Session Title: Systemic Sclerosis & Related Disorders – Clinical Poster II
Session Type: Poster Session (Monday)
Session Time: 9:00AM-11:00AM
Background/Purpose: Prior work has shown that Scl-70 positive autoantibody status and baseline c-reactive protein (CRP) are associated with more rapid pulmonary function decline in patients with systemic sclerosis (SSc). We previously found that patients with esophageal dilation on chest high-resolution computer tomography (HRCT) scan had lower % predicted forced vital capacity (FVC) and diffusing capacity for carbon monoxide (DLCO) at baseline. The purpose of this study is to identify clinical factors, including HRCT esophageal dilation, that are associated with pulmonary function decline in SSc.
Methods: Included participants were enrolled in the Northwestern Scleroderma Registry, fulfilled 2013 SSc criteria, and had ≥1 HRCT and ≥2 pulmonary function tests (PFT) obtained as standard of care. The widest esophageal diameter (WED) and radiographic interstitial lung disease (ILD) were assessed using published methods. The WED was dichotomized as dilated (≥19 mm) vs. not dilated (< 19mm) based upon published data. Clinically meaningful PFT change was defined as % predicted FVC ≥5-point difference and % predicted DLCO ≥15-point difference based upon published data. Clinical characteristics at the time of baseline HRCT scan were collected. Pulmonary arterial hypertension (PAH) was present if mean pulmonary arterial pressure was ≥25 mmHg on right heart catheterization. Linear mixed effect models were used to model PFT change.
Results: 138 SSc patients met study criteria. Radiographic ILD was present in 100 of 138 (73%) participants (Table 1). 51 of 138 (40%) patients demonstrated clinically meaningful FVC decline (median follow-up 2.8 years). In adjusted models, patients with (vs. without) esophageal dilation had statistically significant 5-year % predicted DLCO decline (-6.1; 95% CI -10.4, -1.8), however this change did not meet the 15-percentage point threshold for clinical significance (Table 2, Figure 1). There was no difference in the presence of PAH at baseline between those with vs. without DLCO decline (14% vs. 13%, p=0.51). Patients with positive (vs. negative) Scl-70 autoantibody status had statistically significant 5-year % predicted FVC decline (-6.3; 95% CI -9.9, -2.8) (Table 2, Figure 1). Esophageal diameter did not distinguish between those with vs. without significant FVC decline. There was no difference in baseline SSc disease duration, modified Rodnan skin score, smoking status, gender, age, baseline CRP, or race between those with vs. without clinically meaningful FVC change.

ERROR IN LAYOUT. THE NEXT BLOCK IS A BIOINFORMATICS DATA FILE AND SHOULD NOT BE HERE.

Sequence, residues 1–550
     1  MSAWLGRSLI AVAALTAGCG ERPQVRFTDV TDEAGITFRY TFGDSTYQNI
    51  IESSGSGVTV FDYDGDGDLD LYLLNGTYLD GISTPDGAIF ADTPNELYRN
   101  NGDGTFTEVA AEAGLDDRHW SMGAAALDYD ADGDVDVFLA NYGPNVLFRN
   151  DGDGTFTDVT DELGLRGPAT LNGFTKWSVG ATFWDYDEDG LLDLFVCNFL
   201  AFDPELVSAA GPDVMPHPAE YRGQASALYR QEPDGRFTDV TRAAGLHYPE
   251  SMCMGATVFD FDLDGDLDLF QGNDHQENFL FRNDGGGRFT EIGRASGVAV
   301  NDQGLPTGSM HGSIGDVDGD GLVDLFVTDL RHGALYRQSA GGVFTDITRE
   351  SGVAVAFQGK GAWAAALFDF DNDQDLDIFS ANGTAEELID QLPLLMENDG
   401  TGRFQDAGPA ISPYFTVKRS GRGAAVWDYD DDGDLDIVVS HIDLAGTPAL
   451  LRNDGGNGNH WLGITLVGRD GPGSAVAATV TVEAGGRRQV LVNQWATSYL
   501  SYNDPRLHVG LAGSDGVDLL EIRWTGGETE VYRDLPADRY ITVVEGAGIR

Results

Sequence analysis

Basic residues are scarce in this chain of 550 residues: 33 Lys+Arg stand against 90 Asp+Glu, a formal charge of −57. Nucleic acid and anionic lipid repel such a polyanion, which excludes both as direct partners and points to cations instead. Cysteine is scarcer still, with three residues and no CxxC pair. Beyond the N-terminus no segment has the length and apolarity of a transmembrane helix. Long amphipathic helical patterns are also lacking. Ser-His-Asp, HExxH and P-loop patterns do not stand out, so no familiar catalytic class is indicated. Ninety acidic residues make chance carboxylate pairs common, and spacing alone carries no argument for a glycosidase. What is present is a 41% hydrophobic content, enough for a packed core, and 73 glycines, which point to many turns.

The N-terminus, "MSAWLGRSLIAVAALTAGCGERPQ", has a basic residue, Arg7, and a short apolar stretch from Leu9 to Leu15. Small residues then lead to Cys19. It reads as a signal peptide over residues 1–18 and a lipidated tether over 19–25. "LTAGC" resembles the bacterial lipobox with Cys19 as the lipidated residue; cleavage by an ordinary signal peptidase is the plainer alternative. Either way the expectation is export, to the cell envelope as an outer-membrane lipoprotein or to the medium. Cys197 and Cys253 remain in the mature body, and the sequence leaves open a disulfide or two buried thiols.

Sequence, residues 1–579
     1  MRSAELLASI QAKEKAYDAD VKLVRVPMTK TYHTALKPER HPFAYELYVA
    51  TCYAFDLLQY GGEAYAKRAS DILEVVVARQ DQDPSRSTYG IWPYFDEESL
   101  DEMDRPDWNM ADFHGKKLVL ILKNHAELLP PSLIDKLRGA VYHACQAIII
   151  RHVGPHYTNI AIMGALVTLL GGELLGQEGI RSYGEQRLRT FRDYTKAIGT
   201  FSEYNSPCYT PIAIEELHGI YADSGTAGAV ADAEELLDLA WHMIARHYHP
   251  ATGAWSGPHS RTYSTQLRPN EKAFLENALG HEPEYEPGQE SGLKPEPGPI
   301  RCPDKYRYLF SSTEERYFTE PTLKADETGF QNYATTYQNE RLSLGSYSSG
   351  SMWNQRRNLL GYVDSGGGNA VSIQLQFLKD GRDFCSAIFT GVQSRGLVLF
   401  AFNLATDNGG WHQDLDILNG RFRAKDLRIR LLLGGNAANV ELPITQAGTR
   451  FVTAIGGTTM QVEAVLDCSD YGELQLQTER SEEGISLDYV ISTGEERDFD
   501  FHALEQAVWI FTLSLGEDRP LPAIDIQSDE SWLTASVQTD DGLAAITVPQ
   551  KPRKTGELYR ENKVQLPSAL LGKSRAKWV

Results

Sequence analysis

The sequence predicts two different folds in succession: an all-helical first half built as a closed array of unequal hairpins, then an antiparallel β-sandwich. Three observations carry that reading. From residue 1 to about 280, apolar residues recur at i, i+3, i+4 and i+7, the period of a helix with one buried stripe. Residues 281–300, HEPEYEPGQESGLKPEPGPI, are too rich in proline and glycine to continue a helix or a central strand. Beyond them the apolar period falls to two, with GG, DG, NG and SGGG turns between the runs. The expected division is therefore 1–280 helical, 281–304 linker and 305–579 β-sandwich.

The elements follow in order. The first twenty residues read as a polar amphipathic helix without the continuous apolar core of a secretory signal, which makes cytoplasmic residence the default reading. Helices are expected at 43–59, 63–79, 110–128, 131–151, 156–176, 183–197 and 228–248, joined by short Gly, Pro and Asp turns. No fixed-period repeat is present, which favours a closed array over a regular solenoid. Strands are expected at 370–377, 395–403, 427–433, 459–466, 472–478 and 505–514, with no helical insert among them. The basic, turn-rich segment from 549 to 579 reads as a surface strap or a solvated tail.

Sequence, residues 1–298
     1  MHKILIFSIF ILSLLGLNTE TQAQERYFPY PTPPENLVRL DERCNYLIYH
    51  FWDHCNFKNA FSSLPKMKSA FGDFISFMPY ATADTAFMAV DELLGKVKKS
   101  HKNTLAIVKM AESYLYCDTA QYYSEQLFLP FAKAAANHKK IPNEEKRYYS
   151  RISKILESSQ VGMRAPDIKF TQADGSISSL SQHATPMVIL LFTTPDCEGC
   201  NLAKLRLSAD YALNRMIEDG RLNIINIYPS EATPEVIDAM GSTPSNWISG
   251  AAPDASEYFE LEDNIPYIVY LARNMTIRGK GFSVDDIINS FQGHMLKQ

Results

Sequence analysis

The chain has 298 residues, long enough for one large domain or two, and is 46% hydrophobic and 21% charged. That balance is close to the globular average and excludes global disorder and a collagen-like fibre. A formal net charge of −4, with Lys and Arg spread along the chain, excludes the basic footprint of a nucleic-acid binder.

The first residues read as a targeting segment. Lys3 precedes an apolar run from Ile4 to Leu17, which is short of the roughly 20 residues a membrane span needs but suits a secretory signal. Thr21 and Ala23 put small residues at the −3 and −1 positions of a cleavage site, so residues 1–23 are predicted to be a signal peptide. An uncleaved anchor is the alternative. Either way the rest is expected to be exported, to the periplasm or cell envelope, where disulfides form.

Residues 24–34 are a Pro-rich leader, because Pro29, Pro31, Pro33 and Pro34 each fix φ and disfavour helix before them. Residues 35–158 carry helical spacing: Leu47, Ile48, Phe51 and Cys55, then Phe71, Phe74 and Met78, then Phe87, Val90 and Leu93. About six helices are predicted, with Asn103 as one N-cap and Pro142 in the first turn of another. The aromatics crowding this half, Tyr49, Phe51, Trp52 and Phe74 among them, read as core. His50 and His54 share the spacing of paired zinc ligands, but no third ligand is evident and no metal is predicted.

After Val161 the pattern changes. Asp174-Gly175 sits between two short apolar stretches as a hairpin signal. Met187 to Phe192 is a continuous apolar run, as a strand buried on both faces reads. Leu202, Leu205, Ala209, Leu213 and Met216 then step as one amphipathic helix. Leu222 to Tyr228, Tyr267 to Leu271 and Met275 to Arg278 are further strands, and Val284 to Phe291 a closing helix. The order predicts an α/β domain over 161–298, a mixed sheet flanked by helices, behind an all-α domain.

Conclusion: Scl-70 positivity, but not elevated baseline CRP, is a risk factor for % predicted FVC decline. Esophageal dilation on HRCT was associated with a minimal, non-clinically significant 5-year decline in DLCO and no change in FVC during follow-up. These results have important prognostic implications for SSc-ILD patients with esophageal dilation.
To cite this abstract in AMA style:Showalter K, Hoffmann A, Richardson C, Koloms K, Rouleau G, Aaby D, Lee J, Dematte J, Agrawal R, Wu X, Chang R, Hinchcliff M. Esophageal Dilation and Other Clinical Factors Associated with Pulmonary Function Decline in Patients with Systemic Sclerosis [abstract]. Arthritis Rheumatol. 2019; 71 (suppl 10). https://acrabstracts.org/abstract/esophageal-dilation-and-other-clinical-factors-associated-with-pulmonary-function-decline-in-patients-with-systemic-sclerosis/. Accessed June 24, 2021.
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ACR Meeting Abstracts - https://acrabstracts.org/abstract/esophageal-dilation-and-other-clinical-factors-associated-with-pulmonary-function-decline-in-patients-with-systemic-sclerosis/